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#56 in Testing

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Minimalistic snapshot testing for Rust.

Updating a failing test:


Adding a new test:



Minimalistic snapshot testing for Rust.


expect_test is a small addition over plain assert_eq! testing approach, which allows to automatically update tests results.

The core of the library is the expect! macro. It can be though of as a super-charged string literal, which can update itself.

Let's see an example:

use expect_test::expect;

let actual = 2 + 2;
let expected = expect![["5"]];

Running this code will produce a test failure, as "5" is indeed not equal to "4". Running the test with UPDATE_EXPECT=1 env variable however would "magically" update the code to:

# use expect_test::expect;
let actual = 2 + 2;
let expected = expect![["4"]];

This becomes very useful when you have a lot of tests with verbose and potentially changing expected output.

Under the hood, expect! macro uses file! and line! to record source position at compile time. At runtime, this position is used to patch the file in-place, if UPDATE_EXPECT is set.


expect! returns an instance of Expect struct, which holds position information and a string literal. Use Expect::assert_eq for string comparison. Use Expect::assert_debug_eq for verbose debug comparison. Note that leading indentation is automatically removed.

use expect_test::expect;

struct Foo {
    value: i32,

let actual = Foo { value: 92 };
let expected = expect![["
    Foo {
        value: 92,

Be careful with assert_debug_eq - in general, stability of the debug representation is not guaranteed. However, even if it changes, you can quickly update all the tests by running the test suite with UPDATE_EXPECT environmental variable set.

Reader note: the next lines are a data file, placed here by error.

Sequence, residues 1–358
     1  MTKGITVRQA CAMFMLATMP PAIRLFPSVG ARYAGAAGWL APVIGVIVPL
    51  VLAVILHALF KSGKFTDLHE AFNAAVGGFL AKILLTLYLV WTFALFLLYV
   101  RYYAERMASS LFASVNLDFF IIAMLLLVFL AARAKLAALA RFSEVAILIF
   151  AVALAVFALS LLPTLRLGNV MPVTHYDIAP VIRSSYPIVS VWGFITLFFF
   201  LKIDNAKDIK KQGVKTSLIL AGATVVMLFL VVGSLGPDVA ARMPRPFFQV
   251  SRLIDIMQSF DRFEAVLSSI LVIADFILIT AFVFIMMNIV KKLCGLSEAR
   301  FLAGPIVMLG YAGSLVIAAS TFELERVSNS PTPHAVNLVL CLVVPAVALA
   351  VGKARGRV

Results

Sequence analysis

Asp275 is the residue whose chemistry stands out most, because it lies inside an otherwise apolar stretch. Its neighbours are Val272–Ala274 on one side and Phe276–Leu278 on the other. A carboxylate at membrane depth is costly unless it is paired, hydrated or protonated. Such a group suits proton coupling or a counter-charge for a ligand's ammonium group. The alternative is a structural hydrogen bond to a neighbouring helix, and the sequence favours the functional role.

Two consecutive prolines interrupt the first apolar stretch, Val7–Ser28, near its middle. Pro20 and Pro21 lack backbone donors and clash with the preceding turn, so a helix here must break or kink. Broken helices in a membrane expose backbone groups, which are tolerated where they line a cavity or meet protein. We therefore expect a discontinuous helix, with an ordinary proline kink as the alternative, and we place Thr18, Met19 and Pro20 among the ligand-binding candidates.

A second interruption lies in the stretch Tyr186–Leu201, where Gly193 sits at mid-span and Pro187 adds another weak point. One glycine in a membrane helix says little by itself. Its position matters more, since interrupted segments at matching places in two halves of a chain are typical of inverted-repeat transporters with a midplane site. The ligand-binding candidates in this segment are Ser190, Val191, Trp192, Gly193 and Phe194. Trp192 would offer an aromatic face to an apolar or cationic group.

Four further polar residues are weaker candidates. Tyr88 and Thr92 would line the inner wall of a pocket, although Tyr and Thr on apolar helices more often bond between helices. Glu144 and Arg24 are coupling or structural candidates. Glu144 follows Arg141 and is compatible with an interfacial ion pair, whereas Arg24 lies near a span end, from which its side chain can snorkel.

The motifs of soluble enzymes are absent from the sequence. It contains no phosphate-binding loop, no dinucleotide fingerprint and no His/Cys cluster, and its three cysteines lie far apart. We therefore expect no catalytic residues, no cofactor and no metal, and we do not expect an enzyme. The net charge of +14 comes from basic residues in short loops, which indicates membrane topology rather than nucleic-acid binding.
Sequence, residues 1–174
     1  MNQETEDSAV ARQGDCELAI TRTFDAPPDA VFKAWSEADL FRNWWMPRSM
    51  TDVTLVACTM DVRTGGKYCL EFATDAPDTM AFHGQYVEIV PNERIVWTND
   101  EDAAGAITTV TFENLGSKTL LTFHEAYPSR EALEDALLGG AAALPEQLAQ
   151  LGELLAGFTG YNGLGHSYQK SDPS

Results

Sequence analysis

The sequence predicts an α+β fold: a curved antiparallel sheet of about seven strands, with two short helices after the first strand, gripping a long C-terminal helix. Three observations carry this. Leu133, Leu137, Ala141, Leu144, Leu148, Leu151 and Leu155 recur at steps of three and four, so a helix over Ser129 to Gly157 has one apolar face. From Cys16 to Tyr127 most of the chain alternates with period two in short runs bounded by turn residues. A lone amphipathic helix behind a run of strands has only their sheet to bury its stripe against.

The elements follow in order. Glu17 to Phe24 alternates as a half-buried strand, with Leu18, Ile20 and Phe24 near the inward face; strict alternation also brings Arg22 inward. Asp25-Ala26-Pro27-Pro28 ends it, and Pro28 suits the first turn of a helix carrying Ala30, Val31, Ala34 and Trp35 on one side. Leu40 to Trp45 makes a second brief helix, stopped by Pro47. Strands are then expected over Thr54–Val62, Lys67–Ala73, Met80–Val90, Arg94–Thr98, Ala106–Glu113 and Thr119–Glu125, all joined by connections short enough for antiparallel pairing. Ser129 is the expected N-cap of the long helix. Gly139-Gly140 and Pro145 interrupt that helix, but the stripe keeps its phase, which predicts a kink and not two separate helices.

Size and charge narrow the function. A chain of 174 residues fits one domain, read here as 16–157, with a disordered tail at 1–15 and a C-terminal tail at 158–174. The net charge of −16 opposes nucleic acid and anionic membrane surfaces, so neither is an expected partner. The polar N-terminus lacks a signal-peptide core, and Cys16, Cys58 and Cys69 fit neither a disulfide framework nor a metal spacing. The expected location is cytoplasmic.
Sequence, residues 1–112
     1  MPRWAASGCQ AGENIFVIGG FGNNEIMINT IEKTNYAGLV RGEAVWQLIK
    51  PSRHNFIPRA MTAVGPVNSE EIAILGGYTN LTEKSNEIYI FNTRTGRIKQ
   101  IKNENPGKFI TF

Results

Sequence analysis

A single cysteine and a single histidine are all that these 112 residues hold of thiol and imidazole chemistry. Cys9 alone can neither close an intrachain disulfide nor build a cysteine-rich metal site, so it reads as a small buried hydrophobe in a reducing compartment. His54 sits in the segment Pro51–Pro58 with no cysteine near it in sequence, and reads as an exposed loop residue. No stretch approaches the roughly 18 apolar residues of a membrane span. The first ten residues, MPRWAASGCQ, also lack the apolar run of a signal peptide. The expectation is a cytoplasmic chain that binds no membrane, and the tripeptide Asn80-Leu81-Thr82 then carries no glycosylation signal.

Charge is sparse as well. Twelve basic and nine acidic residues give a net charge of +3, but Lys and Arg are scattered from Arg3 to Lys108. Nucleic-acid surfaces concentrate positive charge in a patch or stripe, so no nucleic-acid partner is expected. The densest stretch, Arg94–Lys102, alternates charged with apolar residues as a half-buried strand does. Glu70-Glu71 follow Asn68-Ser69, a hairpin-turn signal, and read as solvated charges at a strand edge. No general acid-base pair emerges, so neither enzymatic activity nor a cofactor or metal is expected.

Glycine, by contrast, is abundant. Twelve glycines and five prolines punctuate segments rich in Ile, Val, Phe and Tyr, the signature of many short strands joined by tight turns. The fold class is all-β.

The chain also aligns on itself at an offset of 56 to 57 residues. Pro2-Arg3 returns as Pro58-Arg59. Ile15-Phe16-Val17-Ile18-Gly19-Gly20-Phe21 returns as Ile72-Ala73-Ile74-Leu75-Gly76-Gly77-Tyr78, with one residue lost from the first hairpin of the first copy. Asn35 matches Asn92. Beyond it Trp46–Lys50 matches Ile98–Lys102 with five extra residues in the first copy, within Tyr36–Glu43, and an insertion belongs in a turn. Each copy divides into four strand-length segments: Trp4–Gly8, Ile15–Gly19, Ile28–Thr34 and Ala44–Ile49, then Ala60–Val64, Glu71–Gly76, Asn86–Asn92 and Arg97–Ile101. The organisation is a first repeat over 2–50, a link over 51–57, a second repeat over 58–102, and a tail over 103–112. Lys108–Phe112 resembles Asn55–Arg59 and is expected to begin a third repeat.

If the expected data is too verbose to include inline, you can store it in an external file using the expect_file! macro:

use expect_test::expect_file;

let actual = 42;
let expected = expect_file!["./the-answer.txt"];

File path is relative to the current file.

Suggested Workflows

I like to use data-driven tests with expect_test. I usually define a single driver function check and then call it from individual tests:

use expect_test::{expect, Expect};

fn check(actual: i32, expect: Expect) {
    let actual = actual.to_string();

fn test_addition() {
    check(90 + 2, expect![["92"]]);

fn test_multiplication() {
    check(46 * 2, expect![["92"]]);

Each test's body is a single call to check. All the variation in tests comes from the input data.

When writing a new test, I usually copy-paste an old one, leave the expect blank and use UPDATE_EXPECT to fill the value for me:

# use expect_test::{expect, Expect};
# fn check(_: i32, _: Expect) {}
fn test_division() {
    check(92 / 2, expect![[]])

See https://blog.janestreet.com/using-ascii-waveforms-to-test-hardware-designs/ for a cool example of snapshot testing in the wild!


  • insta - a more feature full snapshot testing library.
  • k9 - a testing library which includes support for snapshot testing among other things.

Maintenance status

The main customer of this library is rust-analyzer. The library is expected to be relatively stable, but, if the need arises, it could be significantly reworked to fit rust-analyzer better.

MSRV: latest stable.